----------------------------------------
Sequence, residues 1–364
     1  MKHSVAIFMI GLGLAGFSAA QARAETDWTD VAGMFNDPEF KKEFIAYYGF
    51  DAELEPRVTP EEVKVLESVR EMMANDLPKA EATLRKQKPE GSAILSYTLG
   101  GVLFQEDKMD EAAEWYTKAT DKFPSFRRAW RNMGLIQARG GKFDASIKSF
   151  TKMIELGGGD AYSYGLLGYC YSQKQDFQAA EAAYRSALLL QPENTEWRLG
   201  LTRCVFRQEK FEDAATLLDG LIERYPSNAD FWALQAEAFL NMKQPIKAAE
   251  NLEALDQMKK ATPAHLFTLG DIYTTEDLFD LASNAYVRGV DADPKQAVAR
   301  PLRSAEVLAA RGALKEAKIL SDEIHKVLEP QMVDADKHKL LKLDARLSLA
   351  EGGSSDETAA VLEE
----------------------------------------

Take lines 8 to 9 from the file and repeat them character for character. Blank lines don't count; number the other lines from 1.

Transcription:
   301  PLRSAEVLAA RGALKEAKIL SDEIHKVLEP QMVDADKHKL LKLDARLSLA
   351  EGGSSDETAA VLEE